Stewed Spanish Onions.

1131. INGREDIENTS. — 5 or 6 Spanish onions, 1 pint of good broth or gravy.

Mode. — Peel the onions, taking care not to cut away too much of the tops or tails, or they would then fall to pieces; put them into a stewpan capable of holding them at the bottom without piling them one on the top of another; add the broth or gravy, and simmer very gently until the onions are perfectly tender. Dish them, pour the gravy round, and serve. Instead of using broth, Spanish onions may be stewed with a large piece of butter: they must be done very gradually over a slow fire or hot-plate, and will produce plenty of gravy.

Time. — To stew in gravy, 2 hours, or longer if very large.

Average cost. — medium-sized, 2d. each.

Sufficient for 6 or 7 persons.

Seasonable from September to January.

Note. — Stewed Spanish onions are a favourite accompaniment to roast shoulder of mutton.

ORIGIN OF THE ONION. — This vegetable is thought to have originally come from India, through Egypt, where it became an object of worship. Thence it was transmitted to Greece, thence to Italy, and ultimately it was distributed throughout Europe, in almost every part of which it has, from time immemorial, been cultivated. In warm climates it is found to be less acrid and much sweeter than in colder latitudes; and in Spain it is not at all unusual to see a peasant munching an onion, as an Englishman would an apple. Spanish onions, which are imported to this country during the winter months, are, when properly roasted, perfectly sweet, and equal to many preserves.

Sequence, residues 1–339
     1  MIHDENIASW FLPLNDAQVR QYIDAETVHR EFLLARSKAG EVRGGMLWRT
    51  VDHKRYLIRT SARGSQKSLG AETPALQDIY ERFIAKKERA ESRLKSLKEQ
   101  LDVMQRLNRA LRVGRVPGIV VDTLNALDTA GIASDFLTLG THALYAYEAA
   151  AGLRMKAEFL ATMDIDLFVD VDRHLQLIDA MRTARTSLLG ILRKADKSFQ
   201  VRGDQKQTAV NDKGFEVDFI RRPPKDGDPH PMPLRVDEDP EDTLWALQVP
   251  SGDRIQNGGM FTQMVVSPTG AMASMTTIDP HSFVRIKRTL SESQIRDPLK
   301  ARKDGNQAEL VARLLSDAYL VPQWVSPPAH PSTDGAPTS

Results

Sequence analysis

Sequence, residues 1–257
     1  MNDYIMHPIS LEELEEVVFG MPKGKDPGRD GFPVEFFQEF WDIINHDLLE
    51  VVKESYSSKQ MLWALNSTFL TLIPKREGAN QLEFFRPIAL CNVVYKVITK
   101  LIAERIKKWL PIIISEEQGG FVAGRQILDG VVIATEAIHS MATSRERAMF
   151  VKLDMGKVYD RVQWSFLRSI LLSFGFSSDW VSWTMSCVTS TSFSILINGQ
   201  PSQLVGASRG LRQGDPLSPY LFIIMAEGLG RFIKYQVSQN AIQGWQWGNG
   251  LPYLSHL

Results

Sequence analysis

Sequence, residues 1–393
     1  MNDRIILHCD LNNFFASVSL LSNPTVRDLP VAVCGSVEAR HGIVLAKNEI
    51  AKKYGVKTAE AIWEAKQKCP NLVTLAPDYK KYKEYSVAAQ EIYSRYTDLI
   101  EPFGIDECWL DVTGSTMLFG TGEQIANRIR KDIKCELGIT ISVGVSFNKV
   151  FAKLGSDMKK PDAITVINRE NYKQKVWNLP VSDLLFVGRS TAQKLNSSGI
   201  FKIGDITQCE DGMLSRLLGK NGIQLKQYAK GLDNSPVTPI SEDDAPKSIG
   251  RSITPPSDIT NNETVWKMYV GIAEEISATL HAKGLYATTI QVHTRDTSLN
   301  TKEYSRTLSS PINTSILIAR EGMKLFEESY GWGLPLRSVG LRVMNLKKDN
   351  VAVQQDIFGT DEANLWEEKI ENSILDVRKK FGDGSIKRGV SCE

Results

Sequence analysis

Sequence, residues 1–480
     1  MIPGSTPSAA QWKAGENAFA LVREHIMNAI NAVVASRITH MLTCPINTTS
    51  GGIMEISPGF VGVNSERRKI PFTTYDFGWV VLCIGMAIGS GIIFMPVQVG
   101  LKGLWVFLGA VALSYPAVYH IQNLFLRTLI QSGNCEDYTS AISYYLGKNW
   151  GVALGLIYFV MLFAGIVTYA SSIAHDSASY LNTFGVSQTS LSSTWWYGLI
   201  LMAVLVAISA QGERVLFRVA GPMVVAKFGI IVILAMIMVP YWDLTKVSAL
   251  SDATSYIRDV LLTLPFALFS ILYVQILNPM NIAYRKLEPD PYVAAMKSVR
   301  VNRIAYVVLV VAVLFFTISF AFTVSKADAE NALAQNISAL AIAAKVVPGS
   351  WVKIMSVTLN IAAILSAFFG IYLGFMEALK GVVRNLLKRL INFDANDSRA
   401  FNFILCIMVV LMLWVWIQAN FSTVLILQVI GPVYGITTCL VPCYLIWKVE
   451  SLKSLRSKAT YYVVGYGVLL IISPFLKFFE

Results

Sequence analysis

Boiled Parsnips.

1132. INGREDIENTS. — Parsnips; to each gallon of water allow 1 heaped tablespoonful of salt.